KELLEY: I was just going to say that sometimes an indictment like this is intended in part to shake the trees and let them know that we mean business.

And, I mean, my expectation would be that some folks, if they haven`t already, will begin to cooperate.

MELBER: And, David, is it fair to say that this kind of sedition charges is more grave than just about anything that came out of the entire Mueller probe?

KELLEY: Oh, yes. I mean, sedition is a big deal.

There`s a lot of other charges in there too, all of which ultimately will be guided by the sentencing guidelines, which ultimately will be enhanced by the violence of the event, the gravity of the event, and so forth. So I think it`s -- this is a very serious indictment.

And I will say, just to respond to what some of what Emily said, the fact that Rhodes wasn`t present inside the Capitol is completely irrelevant when you`re looking at conspiracy law, and the fact that somebody could be a mile-and-a-half down the road or a continent away and still be a conspirator.

And I think that one of the things they are likely going to look at, when you talk about the elephant in the room, where does -- how high up does this go? I`m sure -- and you have to expect the government has and will continue to look at any connectivity between Rhodes and anybody in the administration to see if there was any sort of acquiescence, a consultation, acknowledgement.

It`s going to be as -- the higher you go, you`re not going to have people stacking up. You`re not going to have people buying arms, but you`re going to have folks who are having conversations, perhaps, that would bring them easily into the conspiracy without having participated in one of the more concrete overt acts.

So one thing to keep an eye out for is, how much does this shake the trees? Where does the government go from here? It wouldn`t surprise me -- look, this may be the end-all. I doubt it, but it`s possible. But it`s also possible that they work their way up from here.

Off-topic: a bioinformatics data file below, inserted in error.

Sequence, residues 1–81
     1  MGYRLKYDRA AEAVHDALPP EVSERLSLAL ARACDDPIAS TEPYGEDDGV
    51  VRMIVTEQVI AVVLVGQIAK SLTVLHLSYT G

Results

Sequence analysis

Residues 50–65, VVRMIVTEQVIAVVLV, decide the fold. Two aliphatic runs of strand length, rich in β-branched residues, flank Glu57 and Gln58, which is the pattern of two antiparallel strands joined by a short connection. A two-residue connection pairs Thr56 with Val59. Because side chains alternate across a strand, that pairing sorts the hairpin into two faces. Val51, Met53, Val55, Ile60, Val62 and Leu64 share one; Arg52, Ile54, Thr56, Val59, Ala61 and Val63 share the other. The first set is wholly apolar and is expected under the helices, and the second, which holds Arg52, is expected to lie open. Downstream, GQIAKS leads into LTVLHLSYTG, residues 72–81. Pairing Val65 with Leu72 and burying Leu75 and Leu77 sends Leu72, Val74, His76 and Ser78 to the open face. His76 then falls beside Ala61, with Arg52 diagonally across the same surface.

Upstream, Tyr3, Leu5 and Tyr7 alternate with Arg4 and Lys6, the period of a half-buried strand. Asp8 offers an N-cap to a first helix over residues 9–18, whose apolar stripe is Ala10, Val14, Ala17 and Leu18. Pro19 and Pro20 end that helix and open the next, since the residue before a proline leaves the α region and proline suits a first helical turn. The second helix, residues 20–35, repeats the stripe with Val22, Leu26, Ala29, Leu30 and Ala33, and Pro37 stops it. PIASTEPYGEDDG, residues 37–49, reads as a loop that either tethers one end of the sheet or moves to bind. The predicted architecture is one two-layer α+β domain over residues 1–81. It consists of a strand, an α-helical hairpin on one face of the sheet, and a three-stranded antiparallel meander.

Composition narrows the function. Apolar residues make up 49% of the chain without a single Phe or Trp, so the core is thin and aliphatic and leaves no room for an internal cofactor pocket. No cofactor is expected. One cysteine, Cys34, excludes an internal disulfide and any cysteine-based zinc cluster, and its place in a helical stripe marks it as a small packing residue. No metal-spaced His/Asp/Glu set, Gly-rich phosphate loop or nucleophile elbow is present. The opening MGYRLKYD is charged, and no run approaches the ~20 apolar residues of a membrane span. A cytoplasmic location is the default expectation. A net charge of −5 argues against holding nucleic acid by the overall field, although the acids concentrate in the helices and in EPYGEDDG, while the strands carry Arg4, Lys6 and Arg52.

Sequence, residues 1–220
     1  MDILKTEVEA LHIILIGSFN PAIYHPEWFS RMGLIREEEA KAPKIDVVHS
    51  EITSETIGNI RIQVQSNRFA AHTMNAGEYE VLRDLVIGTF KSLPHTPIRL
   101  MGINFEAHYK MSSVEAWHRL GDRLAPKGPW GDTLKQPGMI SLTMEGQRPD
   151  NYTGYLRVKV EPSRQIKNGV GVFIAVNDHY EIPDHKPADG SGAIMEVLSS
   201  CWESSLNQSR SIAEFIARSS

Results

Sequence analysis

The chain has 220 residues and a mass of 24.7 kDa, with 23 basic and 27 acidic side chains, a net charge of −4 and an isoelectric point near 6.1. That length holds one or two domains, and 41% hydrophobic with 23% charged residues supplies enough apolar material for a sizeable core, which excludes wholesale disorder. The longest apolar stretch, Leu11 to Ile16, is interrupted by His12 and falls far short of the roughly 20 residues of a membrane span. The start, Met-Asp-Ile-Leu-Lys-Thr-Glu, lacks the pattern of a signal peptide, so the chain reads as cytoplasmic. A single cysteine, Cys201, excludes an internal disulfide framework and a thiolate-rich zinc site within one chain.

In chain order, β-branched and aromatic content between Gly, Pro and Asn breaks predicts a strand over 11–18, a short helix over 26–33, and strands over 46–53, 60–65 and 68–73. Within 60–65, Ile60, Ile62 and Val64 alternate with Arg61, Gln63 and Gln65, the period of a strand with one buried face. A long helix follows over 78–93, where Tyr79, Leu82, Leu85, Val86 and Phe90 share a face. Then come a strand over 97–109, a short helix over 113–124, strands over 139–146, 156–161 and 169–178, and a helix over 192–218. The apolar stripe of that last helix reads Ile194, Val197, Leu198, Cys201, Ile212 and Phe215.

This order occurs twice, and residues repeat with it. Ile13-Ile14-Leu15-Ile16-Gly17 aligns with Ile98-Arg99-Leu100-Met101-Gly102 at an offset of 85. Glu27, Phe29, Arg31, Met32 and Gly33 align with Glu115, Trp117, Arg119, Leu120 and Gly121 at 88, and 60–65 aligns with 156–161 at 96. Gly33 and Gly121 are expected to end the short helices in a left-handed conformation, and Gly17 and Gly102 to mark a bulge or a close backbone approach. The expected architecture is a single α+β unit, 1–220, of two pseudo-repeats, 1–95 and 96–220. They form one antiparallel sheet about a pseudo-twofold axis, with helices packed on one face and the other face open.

The fact that it`s taken as long as it has to get here is, people have been -- and Attorney General Garland responded in his last speech about the time it`s taken to get here. That`s not -- it`s a year. That`s not a big deal in a criminal investigation of this magnitude.

And sorting through everything they have had to sort through, the video and identifying who`s doing what, that`s a big deal. It`s taken -- and in terms of the timeline for a criminal investigation, we`re kind of at the starting line.

MELBER: Really fascinating, especially given your experience.

And, David, you`re telling us, one, bigger than anything in the entire Mueller probe. People remember what that was like. And, two, the DOJ saying the sedition conspiracy was on-site, but the other participants could easily legally be off-site. And a lot of people at the Willard Hotel and elsewhere may be hearing the echoes of what you just said as a prosecutor.

Really great to have the insights of both of you. David Kelley, Emily Bazelon, thank you.


Coming up, we are dealing with an extraordinary day of breaking news. We have a deeper dive into another aspect of this I haven`t even had time to get to yet that affects Trump world.

Also, a stunning decision from the Supreme Court that will literally affect workplaces everywhere. It has to do with COVID safety. Dr. and Governor Howard Dean is here.

And later, Lindsey Graham, well, you can call it limbo week for him, because he`s getting lower and lower than anyone thought possible.

Stay with us.


MELBER: We are tracking this breaking news, intensifying the open criminal probe into the insurrection, the highest-level indictment to date unsealed today, seditious conspiracy charges against the far right extremists who plotted to stop Biden`s win using force.